I really do hope that his fifth attempt at a budget will come soon, and that it will respond to the real world of ordinary people rather than the imagined world of the rich and powerful.

Thursday, 26 March 2020

Setting the narrative for the future

One of the problems with any action taken by large numbers of people is that it is difficult to know whether, or to what extent, there is a common underlying motivation.  And one of the results of that is that people looking at the same events from different perspectives can and do project their own interpretation on those events, to suit their own ends.  We saw it with Brexit, which some chose to claim was all about immigration, some blamed on xenophobia whilst yet others saw it as about ‘taking back control’.  There’s been something of a parallel this week.
The response to the English government’s appeal for volunteers (and in this context, it is an England-only scheme, set up by the English Health Minister to assist the English NHS, although one wouldn’t know that from news reports) has been staggering, and encouraging for those of us who believe in people’s better nature, especially at a time when we are seeing incidents which might cause one to doubt that.  We cannot know the motivations of all those involved, but it does seem to me to be a desire to help other people, and fill gaps in service provision.  It’s not the only possible interpretation, though – the Prime Minister’s language seems to suggest that he sees it as a great outpouring of (British) patriotism, as people are influenced by what he, no doubt, sees as his stirring Churchillian words (although others might see them as anything but).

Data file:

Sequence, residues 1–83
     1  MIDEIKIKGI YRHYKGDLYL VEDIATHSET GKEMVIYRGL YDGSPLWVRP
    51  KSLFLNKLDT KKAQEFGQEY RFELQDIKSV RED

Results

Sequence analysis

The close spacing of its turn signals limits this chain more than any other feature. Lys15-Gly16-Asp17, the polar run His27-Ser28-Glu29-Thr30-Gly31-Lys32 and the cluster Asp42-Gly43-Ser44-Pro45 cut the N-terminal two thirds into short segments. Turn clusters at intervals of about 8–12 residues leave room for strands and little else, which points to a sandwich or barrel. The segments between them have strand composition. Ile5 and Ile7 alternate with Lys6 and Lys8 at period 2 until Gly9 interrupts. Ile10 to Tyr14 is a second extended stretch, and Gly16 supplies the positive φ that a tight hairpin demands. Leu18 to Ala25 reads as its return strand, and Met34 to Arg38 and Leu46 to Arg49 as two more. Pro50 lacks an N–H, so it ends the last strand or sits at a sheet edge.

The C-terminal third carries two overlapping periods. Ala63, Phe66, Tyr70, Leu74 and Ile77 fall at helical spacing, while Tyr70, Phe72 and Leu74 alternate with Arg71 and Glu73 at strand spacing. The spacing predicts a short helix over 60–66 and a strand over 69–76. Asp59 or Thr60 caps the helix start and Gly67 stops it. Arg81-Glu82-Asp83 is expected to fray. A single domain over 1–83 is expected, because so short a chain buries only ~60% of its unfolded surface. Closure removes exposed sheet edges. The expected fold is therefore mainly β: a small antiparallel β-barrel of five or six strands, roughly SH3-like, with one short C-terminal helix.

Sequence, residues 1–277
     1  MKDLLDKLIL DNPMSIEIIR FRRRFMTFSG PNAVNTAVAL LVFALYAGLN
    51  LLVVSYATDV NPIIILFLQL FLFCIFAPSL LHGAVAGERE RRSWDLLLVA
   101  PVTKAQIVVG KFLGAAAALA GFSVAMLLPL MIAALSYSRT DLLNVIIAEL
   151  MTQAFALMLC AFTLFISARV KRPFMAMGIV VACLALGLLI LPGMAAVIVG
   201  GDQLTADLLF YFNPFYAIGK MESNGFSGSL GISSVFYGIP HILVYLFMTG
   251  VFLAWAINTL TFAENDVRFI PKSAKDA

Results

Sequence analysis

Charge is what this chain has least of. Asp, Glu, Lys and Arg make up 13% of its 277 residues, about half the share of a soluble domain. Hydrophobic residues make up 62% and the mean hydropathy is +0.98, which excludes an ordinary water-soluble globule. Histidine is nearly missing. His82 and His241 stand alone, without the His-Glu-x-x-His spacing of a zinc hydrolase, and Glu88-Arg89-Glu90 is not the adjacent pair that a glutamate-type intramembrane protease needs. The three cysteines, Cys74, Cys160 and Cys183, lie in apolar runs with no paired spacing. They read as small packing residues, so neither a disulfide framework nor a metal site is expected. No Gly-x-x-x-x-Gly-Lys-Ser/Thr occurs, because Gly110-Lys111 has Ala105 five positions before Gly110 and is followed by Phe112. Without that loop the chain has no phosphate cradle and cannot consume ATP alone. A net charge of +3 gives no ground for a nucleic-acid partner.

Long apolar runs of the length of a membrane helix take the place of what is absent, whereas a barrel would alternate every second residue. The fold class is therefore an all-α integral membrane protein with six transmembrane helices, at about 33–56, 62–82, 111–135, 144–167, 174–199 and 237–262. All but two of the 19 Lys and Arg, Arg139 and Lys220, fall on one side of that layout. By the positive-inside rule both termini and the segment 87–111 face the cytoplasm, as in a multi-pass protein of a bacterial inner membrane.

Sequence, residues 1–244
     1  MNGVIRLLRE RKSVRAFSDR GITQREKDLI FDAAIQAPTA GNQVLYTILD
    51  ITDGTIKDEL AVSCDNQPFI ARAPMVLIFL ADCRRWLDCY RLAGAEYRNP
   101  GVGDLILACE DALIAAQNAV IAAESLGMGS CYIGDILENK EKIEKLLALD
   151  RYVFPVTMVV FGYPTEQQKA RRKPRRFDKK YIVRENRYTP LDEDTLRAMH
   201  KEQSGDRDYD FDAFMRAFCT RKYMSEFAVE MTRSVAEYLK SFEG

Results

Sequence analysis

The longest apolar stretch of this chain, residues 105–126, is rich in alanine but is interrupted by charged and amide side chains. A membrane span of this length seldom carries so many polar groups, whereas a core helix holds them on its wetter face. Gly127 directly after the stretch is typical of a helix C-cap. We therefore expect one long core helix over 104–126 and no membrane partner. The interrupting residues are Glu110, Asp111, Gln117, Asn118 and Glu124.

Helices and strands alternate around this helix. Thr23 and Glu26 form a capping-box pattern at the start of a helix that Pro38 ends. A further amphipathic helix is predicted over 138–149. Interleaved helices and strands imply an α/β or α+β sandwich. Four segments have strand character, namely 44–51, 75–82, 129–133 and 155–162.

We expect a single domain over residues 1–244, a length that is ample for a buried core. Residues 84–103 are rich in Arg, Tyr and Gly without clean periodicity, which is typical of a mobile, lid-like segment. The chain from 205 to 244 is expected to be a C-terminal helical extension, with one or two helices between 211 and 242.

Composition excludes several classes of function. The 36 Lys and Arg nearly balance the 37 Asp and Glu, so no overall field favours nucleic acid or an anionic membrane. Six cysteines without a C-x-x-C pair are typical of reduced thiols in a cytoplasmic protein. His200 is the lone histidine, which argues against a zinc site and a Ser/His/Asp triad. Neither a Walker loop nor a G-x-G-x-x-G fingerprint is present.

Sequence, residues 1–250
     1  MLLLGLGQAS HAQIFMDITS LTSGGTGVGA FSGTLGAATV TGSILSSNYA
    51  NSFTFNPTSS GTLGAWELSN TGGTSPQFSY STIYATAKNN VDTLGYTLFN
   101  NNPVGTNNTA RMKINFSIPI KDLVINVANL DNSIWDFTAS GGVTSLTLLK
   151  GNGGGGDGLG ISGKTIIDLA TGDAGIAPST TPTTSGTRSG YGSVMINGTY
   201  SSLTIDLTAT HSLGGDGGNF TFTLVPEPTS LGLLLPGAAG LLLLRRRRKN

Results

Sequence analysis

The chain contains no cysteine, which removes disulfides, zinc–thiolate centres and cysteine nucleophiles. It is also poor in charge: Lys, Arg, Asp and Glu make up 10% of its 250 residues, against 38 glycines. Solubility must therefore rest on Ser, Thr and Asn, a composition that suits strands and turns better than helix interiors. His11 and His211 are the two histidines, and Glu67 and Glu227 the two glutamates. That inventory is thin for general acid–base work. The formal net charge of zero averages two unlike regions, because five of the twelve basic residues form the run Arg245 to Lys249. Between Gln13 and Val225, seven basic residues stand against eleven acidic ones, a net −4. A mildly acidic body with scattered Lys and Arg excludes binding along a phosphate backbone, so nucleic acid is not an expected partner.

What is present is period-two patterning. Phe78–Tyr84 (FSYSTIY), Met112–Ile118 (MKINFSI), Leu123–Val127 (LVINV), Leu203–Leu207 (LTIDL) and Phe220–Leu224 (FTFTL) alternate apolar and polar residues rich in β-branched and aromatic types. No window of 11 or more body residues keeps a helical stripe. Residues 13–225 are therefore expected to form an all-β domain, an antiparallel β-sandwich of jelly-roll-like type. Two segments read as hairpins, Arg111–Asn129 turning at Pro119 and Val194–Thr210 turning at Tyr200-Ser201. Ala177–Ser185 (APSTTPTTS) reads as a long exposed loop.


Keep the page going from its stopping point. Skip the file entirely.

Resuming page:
For the time being it matters not what the actual motivation is nor the way that motivation is interpreted; the key thing is that as many gaps as possible get plugged and that help gets to those who need it.  The hows and the whys are questions for a later date. They will be important, though.  Many are already arguing that when the current crisis is over, things can’t go back to the old normal.  We can be certain, however, that some will want to take us back to that point – there are plenty of vested interests in ensuring that happens.  The outcome if this week’s surge of volunteers is interpreted as an expression of social solidarity and a desire to help others will be very different from the outcome if it is seen as a patriotic effort to overcome a short term crisis – an interpretation which could even lead some to conclude that austerity cuts to public services can continue, because volunteers will fill the gaps in an emergency.